Eighth Australian lawmaker resigns over dual citizenship
SYDNEY – Agence France-Presse
A constitutional crisis roiling Australian politics claimed a new victim Nov. 14 with the resignation of the eighth lawmaker to be felled by a once-obscure rule barring dual citizens from federal office.
The departure of Jacqui Lambie, a colorful independent senator from the island state of Tasmania, comes after Prime Minister Malcolm Turnbull's center-right government lost its grip on parliament as MPs were toppled by the citizenship issue.
Lambie announced her resignation in a tearful speech, telling MPs she had just learned she held British nationality from her Scottish grandfather and father.
"Anyone who knows my father will be shocked to think of him as anyone else than an Aussie," Lambie told the Senate, adding, "My dad believed he renounced his citizenship years ago.”
But she said that following the resignations of other politicians who held dual citizenship by descent, she made enquiries with British authorities into her situation.
"It is with great regret that I have to inform you that I had been found ineligible by way of dual citizenship," she said.
The citizenship crisis came to a head on October 27 when Australia's High Court reaffirmed a provision in the country's 1901 constitution that forbids dual citizens from serving in federal parliament.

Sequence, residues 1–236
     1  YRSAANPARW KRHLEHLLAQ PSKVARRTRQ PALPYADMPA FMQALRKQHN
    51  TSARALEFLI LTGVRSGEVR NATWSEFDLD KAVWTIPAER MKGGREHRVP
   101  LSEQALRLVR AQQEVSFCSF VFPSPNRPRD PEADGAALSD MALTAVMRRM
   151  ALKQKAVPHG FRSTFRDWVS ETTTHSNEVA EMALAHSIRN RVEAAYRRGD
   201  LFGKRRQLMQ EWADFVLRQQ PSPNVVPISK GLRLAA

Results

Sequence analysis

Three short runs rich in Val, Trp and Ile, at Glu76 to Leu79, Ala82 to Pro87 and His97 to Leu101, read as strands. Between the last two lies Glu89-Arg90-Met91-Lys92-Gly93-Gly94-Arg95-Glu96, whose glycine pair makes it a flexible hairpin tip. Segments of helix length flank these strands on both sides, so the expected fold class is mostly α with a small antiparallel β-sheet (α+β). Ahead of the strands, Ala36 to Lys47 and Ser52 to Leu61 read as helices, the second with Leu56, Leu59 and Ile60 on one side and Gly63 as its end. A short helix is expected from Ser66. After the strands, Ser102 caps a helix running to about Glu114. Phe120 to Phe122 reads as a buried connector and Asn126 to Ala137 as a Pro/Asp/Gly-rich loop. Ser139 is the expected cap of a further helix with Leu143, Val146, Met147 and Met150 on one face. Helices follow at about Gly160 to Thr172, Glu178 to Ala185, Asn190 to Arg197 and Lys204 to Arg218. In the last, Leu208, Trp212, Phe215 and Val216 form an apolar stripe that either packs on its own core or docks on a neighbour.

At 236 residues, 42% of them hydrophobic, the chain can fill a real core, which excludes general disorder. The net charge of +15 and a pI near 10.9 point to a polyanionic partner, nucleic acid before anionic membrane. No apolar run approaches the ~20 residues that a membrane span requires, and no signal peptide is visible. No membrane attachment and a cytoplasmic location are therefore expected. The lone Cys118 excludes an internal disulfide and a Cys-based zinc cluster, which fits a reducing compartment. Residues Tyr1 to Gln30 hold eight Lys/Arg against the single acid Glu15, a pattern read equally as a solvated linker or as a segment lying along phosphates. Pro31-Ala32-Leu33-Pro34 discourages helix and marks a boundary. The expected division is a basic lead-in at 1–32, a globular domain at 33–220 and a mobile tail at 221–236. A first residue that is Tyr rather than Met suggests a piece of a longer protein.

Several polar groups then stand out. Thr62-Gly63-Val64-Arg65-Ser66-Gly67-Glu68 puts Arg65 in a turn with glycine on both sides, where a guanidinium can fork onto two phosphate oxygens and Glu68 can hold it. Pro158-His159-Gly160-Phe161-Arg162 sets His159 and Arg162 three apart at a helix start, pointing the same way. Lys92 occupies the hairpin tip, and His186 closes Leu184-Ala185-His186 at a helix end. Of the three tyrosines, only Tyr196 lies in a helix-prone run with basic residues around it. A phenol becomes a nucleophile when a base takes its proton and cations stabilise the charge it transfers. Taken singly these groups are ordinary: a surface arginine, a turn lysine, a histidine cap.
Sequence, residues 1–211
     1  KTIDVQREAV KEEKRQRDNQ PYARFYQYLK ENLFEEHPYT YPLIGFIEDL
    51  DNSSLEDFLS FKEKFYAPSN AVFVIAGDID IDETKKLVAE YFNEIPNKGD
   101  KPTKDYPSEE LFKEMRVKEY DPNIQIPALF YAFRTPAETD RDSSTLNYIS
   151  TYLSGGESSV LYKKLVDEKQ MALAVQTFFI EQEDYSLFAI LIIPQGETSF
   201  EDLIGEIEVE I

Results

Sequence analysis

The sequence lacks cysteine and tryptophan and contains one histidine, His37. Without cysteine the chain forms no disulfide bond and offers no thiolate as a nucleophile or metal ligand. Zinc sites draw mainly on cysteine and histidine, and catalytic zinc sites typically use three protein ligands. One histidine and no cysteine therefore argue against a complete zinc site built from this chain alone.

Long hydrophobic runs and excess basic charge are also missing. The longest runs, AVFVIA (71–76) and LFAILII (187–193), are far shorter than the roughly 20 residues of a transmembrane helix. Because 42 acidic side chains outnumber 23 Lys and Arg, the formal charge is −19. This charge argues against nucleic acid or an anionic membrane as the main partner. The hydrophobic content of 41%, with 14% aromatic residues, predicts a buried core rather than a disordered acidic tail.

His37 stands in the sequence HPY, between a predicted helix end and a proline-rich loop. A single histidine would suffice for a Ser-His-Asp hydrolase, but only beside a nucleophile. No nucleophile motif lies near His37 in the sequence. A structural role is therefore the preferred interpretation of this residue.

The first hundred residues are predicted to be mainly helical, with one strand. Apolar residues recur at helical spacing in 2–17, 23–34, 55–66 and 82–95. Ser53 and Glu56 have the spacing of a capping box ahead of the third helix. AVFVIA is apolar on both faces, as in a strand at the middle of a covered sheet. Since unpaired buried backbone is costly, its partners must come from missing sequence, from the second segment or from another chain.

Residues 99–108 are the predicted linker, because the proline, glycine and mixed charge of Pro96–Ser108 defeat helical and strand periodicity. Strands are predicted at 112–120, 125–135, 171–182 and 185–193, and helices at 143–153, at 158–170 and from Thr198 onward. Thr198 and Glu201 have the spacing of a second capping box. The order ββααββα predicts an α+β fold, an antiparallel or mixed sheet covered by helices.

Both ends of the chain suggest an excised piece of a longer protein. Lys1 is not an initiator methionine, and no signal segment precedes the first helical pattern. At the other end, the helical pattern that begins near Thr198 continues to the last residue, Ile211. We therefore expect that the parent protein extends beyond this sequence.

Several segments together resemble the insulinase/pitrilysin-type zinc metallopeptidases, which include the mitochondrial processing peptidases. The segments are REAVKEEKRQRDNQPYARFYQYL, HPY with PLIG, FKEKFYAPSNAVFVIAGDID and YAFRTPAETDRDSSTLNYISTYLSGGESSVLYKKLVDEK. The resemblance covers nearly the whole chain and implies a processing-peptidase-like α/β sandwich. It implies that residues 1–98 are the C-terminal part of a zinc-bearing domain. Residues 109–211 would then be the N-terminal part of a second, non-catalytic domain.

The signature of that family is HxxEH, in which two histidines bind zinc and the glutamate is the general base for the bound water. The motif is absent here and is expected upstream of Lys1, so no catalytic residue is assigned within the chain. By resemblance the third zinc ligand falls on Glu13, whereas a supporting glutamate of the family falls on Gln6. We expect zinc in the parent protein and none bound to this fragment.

The ruling has already sparked the resignation of several senators and two members of Turnbull's coalition in the lower House of Representatives -- deputy prime minister Barnaby Joyce and former tennis star John Alexander.
The loss of Joyce and Alexander cost the government its majority in the 150-member house, although Turnbull has said he can continue ruling for now with the support of independents.
The two men will both run for re-election next month after renouncing their second citizenships.
While Joyce is expected to face minimal opposition in his rural New South Wales constituency, Alexander faces a tough fight for his Bennelong district in suburban Sydney as the opposition Labor Party looks to capitalize on Turnbull's problems.
Labor on Nov. 14 made the surprise announcement of Kristina Keneally, an American-born former NSW state premier and popular TV news personality, to run against Alexander.
Keneally, who emigrated to Australia in the 1990s and renounced her U.S. citizenship in 2002, said at a press conference the Dec. 16 vote would be "an opportunity for the community in which I live to stand up and say to Malcolm Turnbull: 'Your government is awful. Enough is enough.'"
Recent opinion polls have shown a steady erosion in Turnbull's popularity. The next general election is not due until 2019.
However, critics say it is out of step with the modern reality of the country, where half the population are either foreign-born or the children of immigrants.